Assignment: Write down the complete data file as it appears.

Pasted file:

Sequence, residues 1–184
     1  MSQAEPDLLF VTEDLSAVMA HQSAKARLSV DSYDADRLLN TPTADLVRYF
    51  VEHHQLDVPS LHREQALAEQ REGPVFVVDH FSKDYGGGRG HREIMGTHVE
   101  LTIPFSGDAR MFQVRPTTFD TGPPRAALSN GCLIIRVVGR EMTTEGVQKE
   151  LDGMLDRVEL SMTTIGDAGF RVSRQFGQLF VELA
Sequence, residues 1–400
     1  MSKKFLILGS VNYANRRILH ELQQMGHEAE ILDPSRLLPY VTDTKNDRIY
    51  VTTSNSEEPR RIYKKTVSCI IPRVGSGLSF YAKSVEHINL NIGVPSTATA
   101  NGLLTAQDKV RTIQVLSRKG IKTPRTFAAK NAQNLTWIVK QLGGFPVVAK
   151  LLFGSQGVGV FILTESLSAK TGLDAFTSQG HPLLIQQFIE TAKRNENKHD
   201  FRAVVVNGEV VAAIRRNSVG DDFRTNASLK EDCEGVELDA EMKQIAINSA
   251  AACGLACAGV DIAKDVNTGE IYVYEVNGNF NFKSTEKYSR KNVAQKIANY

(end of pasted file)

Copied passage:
Sequence, residues 1–184
     1  MSQAEPDLLF VTEDLSAVMA HQSAKARLSV DSYDADRLLN TPTADLVRYF
    51  VEHHQLDVPS LHREQALAEQ REGPVFVVDH FSKDYGGGRG HREIMGTHVE
   101  LTIPFSGDAR MFQVRPTTFD TGPPRAALSN GCLIIRVVGR EMTTEGVQKE
   151  LDGMLDRVEL SMTTIGDAGF RVSRQFGQLF VELA
Sequence, residues 1–400
     1  MSKKFLILGS VNYANRRILH ELQQMGHEAE ILDPSRLLPY VTDTKNDRIY
    51  VTTSNSEEPR RIYKKTVSCI IPRVGSGLSF YAKSVEHINL NIGVPSTATA
   101  NGLLTAQDKV RTIQVLSRKG IKTPRTFAAK NAQNLTWIVK QLGGFPVVAK
   151  LLFGSQGVGV FILTESLSAK TGLDAFTSQG HPLLIQQFIE TAKRNENKHD
   201  FRAVVVNGEV VAAIRRNSVG DDFRTNASLK EDCEGVELDA EMKQIAINSA
   251  AACGLACAGV DIAKDVNTGE IYVYEVNGNF NFKSTEKYSR KNVAQKIANY